Meyer Arne, Strajhar Petra, Murer Céline, Da Cunha Thierry, Odermatt Alex (2012), Species-specific differences in the inhibition of human and zebrafish 11β-hydroxysteroid dehydrogenase 2 by thiram and organotins., in Toxicology, 301(1-3), 72-8.

Collaboration

Group / person Country
Types of collaboration
University of Innsbruck Austria (Europe)
- in-depth/constructive exchanges on approaches, methods or results
- Publication
- Exchange of personnel
University of Birmingham Great Britain and Northern Ireland (Europe)
- in-depth/constructive exchanges on approaches, methods or results
- Publication

Scientific events

Active participation

Title Type of contribution Title of article or contribution Date Place Persons involved
2nd Congress on Steroid Research 10.03.2013 Chicago
Scientific Seminar Series 07.12.2012 Birmingham
18th North American Regional ISSX Meeting 14.10.2012 Dallas
Eurotox Congress 17.06.2012 Stockholm


Associated projects

Number Title Start Funding scheme
140961 Generation and Utilization of NADPH in the Endoplasmic Reticulum: Impact on Metabolic and Hormonal Regulation 01.05.2012 Project funding (Div. I-III)
133859 Purchase of a laser scanning microscope / LSM710 Carl Zeiss 01.12.2010 R'EQUIP
112279 The regulation of glucocorticoid and mineralocorticoid hormone action by 11beta-hydroxysteroid dehydrogenases 01.05.2006 Project funding (Div. I-III)

Abstract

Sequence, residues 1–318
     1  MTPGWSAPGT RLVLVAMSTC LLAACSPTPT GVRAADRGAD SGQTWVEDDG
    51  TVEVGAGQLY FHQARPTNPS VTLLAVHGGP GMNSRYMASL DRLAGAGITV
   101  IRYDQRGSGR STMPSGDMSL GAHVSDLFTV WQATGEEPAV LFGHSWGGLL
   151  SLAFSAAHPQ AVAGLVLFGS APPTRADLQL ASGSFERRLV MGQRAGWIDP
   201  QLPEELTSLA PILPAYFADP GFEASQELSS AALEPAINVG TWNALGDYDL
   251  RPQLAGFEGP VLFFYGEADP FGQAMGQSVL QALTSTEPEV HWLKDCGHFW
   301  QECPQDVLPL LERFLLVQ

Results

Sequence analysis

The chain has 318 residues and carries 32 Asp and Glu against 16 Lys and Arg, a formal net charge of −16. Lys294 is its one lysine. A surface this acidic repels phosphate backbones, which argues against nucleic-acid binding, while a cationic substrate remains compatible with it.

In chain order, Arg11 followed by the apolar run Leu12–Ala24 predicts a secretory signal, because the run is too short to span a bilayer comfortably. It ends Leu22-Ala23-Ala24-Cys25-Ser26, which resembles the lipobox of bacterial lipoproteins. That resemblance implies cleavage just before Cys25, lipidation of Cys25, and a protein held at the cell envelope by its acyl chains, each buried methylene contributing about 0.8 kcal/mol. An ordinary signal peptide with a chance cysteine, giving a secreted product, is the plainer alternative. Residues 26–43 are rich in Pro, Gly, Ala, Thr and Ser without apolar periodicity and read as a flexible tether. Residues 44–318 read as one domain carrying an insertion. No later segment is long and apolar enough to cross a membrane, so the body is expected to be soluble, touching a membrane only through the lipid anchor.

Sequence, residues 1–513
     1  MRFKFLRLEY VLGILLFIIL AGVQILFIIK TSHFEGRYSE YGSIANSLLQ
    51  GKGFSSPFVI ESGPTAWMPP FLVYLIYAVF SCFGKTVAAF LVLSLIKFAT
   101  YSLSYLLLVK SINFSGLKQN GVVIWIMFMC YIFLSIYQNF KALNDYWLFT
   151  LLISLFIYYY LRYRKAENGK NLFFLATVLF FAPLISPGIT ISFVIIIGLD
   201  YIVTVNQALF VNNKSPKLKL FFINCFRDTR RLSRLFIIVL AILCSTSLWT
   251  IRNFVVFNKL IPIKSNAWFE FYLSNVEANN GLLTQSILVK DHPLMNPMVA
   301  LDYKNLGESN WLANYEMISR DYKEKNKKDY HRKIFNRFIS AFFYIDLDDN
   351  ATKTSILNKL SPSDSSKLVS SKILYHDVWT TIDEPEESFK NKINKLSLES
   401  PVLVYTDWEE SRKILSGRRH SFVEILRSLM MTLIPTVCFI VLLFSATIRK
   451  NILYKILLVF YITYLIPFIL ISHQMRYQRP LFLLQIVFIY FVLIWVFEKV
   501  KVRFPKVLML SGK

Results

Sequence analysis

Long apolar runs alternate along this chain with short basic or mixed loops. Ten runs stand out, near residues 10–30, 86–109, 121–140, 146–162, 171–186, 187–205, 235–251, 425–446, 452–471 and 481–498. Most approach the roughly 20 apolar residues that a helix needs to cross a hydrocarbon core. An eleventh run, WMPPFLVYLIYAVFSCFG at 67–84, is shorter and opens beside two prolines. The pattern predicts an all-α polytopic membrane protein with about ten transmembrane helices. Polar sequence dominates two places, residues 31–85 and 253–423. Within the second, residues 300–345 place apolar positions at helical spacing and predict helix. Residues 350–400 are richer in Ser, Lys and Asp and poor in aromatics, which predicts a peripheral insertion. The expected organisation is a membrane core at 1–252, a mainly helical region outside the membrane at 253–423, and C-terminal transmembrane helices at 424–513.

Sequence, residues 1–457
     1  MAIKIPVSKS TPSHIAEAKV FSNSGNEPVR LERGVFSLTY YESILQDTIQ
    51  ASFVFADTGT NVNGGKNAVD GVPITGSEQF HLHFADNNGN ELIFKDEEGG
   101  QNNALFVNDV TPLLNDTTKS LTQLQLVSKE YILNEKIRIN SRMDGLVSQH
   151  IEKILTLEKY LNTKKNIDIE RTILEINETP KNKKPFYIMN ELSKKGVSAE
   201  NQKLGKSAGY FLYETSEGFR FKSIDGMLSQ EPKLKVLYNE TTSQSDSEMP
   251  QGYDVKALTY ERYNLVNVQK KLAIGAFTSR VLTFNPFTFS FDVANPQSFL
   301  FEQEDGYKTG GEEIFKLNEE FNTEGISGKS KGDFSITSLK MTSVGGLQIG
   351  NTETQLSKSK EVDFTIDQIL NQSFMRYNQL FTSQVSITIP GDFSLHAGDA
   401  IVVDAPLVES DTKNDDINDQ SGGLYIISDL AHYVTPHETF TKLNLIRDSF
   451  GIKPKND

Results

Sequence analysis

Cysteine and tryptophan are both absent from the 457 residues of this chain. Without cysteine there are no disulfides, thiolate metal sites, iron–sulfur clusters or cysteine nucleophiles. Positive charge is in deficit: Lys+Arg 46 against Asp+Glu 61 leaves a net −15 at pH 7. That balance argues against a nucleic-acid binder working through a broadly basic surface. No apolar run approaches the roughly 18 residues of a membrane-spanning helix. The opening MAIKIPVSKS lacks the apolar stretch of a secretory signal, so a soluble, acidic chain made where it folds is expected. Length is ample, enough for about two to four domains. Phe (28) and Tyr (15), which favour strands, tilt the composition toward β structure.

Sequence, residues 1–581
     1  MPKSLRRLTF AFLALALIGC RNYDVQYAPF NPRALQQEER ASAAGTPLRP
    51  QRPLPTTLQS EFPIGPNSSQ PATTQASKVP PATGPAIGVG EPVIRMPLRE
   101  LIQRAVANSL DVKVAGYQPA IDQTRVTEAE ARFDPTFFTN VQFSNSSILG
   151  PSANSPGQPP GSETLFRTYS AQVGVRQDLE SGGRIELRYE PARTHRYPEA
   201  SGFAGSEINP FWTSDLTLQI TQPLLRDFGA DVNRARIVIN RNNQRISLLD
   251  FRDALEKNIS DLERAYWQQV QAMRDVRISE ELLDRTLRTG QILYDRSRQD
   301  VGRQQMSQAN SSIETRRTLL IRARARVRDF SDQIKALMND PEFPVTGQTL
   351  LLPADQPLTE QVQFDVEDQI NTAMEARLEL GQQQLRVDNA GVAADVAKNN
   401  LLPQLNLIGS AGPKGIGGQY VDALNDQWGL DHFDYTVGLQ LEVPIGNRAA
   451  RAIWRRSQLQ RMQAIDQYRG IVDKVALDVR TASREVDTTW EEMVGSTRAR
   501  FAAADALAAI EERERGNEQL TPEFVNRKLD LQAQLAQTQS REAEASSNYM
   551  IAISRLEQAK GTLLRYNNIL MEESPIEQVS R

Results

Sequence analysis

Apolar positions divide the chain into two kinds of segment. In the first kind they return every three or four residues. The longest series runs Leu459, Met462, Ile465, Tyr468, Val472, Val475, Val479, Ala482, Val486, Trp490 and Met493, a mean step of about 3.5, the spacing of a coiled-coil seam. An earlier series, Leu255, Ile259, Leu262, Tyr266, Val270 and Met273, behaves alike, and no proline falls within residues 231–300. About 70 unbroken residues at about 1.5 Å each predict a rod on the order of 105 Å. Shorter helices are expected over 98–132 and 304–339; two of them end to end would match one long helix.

The uptake, distribution, metabolism and excretion of nutrients and drugs are essentially regulated in the intestine, liver and kidneys by a coordinated action of receptors, transport proteins and metabolizing enzymes. This allows living organisms to cope with toxic chemicals taken up by food (adaptation to food availability and quality), metabolites of drugs and toxic endogenous compounds (e.g. metabolites of hormones, oxidized lipids and fatty acids). There is an extensive knowledge on enzymes involved in xenobiotic metabolism, mostly focusing on cytoplasmic enzymes and cytochrome P450 (CYP), a microsomal enzyme with its catalytic domain facing the cytoplasm. In contrast, other xenobiotic-metabolizing enzymes located in the endoplasmic reticulum (ER) are often less well investigated. Also, the elucidation of the consequences of distur-bances of ER function, such as ER-stress and altered ER redox state, for the metabolism and toxicity of chemicals requires further research. This research module is proposed by two groups of human toxicologists who focus on the investigation of the role of the ER in the metabolism of exogenous and endogenous chemicals as well as on the role of altered function of the ER for the metabolism and toxicity of chemicals. In particular, our proposal for a Prodoc research module comprises the following three research topics:1.Impact of the membrane topology of microsomal epoxide hydroxylase (mEH) on substrate turnover/detoxication efficacy (Michael Arand),2.Identification of xenobiotic metabolizing short-chain dehydrogenase/reductase (SDR) enzymes in the ER and investigation of the impact on xenobiotic metabolism (Alex Odermatt).Adverse drug effects often manifest in only very few subjects and the underlying mechanisms are mostly unknown. Genetic differences, environmental factors and health state can significantly influence the efficacy of drugs as well as their adverse effects. The ER plays an important role in the detoxification of xenobiotics and endogenous metabolites; therefore, elucidation of the consequences of impaired ER function for the metabolism and toxicity of xenobiotics is of great interest regarding the development of safer drugs. To achieve our goal, we will use a range of different in vitro assays, cellular model systems and animal models to study the functions of transporters and enzymes in the ER and to assess the impact of altered function of the ER on the metabolism and toxicity of xenobiotics. The proposed research is relevant for uncovering basic mechanisms of the metabolism of endogenous and exogenous compounds in health and disease states. Furthermore, the knowledge gained from the proposed research is relevant for safety considerations for drugs and industrial chemicals. The proposed projects provide a unique opportunity for the establishment of collaborations and provide a multidisciplinary training opportunity across multiple areas of the Predictive Toxicology program. Top-ranking students selected from candidates who are admitted to the “Predictive Toxicology” PhD program will be able to choose a project among the three research topics.